Oooga booga booga!
By any standards, Haiti represents a very great concentration of misery and dashed hopes. In January 1804 – a key date in the history of a bedevilled country – the African slaves overthrew their French masters and declared the world’s first black republic. Haiti became an emblem of slavery’s longed-for abolition. And the slave leader, Toussaint L’Ouverture, was hailed by William Wordsworth, among other Romantics, as a “morning star” of the Americas.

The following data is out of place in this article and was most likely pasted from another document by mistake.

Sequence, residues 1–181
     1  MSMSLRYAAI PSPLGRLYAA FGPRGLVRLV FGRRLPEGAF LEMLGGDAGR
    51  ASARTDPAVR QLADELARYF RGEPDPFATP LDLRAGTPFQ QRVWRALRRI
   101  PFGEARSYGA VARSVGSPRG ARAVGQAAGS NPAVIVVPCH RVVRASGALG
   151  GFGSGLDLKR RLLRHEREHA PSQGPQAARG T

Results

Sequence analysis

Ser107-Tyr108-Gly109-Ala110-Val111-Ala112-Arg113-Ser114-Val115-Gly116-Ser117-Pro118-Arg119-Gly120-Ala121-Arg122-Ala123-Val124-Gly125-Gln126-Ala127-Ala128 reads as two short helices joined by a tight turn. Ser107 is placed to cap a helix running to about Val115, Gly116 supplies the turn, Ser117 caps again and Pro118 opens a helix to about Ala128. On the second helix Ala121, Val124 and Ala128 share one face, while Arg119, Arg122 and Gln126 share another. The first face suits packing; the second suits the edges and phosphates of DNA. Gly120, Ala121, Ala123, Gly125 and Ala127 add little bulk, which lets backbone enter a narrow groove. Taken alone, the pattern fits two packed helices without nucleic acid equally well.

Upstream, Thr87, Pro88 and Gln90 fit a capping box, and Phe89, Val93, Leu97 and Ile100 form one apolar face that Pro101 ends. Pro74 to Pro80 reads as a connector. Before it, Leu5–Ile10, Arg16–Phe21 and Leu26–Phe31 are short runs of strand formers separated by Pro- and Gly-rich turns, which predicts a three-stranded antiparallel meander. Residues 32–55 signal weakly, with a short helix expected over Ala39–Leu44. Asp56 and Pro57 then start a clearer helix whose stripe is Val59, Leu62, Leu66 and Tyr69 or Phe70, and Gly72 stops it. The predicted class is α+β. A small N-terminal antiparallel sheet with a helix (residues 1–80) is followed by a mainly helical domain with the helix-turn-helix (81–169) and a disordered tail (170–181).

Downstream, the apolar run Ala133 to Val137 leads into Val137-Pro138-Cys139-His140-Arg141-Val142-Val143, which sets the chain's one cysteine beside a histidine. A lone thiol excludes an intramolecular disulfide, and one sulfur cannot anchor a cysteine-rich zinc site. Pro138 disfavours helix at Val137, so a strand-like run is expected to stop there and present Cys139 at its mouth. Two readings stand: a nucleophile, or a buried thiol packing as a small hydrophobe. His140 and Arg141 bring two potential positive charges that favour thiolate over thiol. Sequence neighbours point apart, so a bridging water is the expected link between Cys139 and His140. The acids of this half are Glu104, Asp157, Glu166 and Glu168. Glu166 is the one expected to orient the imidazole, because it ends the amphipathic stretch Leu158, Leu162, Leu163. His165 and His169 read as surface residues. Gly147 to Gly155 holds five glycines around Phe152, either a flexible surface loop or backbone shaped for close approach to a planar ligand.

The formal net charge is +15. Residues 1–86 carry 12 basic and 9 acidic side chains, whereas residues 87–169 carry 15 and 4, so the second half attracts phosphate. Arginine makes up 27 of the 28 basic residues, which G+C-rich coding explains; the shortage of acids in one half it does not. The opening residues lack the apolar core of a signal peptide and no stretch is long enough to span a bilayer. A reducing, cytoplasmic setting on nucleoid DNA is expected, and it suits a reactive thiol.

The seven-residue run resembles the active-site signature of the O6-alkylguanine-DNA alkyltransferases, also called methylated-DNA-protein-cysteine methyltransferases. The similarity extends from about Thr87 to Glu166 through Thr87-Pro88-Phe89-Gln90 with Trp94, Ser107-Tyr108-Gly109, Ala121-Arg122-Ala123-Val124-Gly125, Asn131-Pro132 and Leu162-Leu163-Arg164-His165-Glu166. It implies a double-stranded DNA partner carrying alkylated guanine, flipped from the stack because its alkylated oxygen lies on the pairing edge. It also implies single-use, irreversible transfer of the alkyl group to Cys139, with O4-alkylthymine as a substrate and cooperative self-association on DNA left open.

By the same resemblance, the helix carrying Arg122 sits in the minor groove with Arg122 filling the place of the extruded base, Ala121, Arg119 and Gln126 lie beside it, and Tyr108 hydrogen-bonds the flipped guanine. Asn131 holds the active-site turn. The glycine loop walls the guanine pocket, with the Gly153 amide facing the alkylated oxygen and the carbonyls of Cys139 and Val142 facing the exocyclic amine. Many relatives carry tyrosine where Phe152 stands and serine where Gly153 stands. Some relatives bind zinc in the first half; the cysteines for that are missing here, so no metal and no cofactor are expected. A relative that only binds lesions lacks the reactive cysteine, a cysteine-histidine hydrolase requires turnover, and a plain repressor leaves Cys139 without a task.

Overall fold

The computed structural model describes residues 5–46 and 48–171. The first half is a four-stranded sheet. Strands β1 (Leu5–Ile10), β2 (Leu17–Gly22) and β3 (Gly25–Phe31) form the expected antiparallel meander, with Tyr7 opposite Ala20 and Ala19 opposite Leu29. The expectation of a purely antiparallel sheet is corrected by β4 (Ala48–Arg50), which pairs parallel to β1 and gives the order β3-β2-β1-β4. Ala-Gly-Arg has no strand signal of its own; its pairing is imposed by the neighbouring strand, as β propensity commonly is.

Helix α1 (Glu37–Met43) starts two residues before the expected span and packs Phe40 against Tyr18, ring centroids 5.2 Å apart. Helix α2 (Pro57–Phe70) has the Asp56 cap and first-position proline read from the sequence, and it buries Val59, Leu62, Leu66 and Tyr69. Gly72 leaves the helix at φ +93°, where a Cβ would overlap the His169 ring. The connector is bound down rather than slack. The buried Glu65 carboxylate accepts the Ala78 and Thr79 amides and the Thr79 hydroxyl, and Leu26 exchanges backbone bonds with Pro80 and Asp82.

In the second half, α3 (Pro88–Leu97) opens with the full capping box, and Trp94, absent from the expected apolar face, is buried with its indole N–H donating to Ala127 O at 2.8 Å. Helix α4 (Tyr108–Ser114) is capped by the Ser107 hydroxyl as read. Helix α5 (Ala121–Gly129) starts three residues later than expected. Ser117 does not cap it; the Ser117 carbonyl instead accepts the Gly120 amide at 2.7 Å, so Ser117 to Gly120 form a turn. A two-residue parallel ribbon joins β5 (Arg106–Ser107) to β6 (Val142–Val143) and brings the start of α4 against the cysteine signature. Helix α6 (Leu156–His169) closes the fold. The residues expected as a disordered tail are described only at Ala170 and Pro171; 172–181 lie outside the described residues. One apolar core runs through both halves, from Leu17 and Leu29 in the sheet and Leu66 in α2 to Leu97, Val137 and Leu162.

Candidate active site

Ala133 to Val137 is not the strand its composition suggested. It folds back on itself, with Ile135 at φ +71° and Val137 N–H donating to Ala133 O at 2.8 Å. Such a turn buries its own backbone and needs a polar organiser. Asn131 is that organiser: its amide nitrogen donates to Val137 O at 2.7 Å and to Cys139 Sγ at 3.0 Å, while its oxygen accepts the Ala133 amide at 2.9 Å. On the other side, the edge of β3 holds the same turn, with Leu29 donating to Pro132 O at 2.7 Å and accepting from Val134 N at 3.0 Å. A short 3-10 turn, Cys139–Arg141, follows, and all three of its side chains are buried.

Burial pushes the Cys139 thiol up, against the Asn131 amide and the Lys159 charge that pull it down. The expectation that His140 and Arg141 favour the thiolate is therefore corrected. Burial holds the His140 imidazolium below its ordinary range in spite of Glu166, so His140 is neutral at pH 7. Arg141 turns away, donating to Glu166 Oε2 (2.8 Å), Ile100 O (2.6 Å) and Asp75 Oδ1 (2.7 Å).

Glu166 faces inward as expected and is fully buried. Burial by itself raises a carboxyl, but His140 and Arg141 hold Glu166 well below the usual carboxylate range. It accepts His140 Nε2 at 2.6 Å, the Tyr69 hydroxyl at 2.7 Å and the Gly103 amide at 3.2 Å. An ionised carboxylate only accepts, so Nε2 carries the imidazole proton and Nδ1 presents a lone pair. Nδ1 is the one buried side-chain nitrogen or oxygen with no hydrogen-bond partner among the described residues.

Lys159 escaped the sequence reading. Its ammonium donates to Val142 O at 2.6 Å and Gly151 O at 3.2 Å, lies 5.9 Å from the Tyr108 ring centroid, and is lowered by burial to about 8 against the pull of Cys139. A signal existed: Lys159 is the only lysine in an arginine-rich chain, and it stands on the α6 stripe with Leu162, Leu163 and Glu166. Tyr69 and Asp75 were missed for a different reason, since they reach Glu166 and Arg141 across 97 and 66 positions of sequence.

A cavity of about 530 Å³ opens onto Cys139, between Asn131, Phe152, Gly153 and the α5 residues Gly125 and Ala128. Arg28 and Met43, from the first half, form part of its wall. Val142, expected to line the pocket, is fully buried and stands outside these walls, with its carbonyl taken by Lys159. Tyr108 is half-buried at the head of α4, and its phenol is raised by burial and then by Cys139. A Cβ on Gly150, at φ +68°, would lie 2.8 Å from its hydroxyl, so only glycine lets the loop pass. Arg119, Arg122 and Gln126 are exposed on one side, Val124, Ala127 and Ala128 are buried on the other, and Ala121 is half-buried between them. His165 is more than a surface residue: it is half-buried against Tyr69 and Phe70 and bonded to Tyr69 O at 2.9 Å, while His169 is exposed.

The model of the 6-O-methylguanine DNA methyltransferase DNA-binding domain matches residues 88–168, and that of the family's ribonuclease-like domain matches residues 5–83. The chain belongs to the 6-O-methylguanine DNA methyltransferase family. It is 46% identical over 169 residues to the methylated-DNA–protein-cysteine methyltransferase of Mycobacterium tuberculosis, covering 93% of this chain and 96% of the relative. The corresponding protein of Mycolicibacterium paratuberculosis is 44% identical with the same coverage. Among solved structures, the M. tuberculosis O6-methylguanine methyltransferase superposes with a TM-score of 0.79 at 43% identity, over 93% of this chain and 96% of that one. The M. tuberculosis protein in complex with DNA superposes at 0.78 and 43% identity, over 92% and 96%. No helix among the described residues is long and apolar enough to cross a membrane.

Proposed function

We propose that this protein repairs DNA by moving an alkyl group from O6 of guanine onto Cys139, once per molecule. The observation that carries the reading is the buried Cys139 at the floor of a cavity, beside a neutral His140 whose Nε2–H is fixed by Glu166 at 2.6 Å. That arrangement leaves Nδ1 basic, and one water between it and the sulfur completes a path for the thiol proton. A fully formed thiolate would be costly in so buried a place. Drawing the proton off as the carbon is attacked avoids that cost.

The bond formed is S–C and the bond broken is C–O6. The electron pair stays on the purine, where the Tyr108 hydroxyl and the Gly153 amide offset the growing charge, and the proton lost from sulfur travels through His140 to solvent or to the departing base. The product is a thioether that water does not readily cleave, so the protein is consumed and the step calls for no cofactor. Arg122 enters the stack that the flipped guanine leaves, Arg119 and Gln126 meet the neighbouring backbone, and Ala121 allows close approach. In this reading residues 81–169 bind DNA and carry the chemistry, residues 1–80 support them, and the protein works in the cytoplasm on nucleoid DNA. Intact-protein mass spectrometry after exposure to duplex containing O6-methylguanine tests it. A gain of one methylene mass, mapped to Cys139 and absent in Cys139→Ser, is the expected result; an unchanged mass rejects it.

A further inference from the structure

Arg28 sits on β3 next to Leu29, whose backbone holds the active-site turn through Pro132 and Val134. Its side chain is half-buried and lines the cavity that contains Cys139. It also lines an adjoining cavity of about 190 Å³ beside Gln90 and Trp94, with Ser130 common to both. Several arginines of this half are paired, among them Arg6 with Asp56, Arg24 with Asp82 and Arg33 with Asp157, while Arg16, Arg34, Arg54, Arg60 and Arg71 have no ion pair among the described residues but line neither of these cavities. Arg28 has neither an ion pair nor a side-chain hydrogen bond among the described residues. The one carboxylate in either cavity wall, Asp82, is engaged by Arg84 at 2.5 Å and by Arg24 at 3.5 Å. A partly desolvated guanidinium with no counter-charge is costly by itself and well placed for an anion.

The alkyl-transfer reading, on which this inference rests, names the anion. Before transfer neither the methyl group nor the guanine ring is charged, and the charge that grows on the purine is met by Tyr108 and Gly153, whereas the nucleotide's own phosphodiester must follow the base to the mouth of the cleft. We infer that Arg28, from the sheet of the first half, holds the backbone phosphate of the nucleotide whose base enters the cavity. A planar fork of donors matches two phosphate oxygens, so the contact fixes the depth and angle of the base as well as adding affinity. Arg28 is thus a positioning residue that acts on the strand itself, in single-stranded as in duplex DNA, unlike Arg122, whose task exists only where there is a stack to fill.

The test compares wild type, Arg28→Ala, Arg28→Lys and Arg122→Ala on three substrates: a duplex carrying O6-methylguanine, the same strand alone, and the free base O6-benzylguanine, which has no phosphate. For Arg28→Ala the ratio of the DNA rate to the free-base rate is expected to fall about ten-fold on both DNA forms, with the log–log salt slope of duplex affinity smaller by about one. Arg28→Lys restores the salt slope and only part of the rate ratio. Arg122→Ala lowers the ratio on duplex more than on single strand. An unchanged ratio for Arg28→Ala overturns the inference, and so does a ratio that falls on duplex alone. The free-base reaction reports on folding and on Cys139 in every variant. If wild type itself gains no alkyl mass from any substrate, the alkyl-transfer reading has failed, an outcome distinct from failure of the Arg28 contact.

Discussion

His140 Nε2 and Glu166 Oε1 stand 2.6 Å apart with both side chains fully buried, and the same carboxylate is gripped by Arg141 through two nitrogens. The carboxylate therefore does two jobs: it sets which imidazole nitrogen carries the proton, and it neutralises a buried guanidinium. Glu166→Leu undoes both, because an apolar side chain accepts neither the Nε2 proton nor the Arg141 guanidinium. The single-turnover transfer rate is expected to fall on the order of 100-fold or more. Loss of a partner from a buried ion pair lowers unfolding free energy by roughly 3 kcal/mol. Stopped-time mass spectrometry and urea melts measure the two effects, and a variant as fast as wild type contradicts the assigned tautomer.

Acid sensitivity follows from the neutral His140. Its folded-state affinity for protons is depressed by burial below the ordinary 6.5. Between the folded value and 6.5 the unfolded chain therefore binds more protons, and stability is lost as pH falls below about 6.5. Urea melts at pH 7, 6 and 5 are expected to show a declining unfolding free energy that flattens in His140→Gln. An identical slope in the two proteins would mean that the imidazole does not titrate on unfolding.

Since independence, however, emperors, kings and presidents-for-life have misruled the Caribbean nation through violence and theft of public funds. The constitution is made of paper, they say, but the bayonet is made of steel.In January 2004, I returned to Haiti for the first time in 13 years. Preparations were under way for the independence bicentenary, but no one felt much like celebrating. The capital, Port-au-Prince, looked even more dilapidated and the streets round Toussaint L’Ouverture airport appeared to have degenerated into a slum.
Familiar smells of drainage and burning rubbish hit me as I made my way to the Hotel Oloffson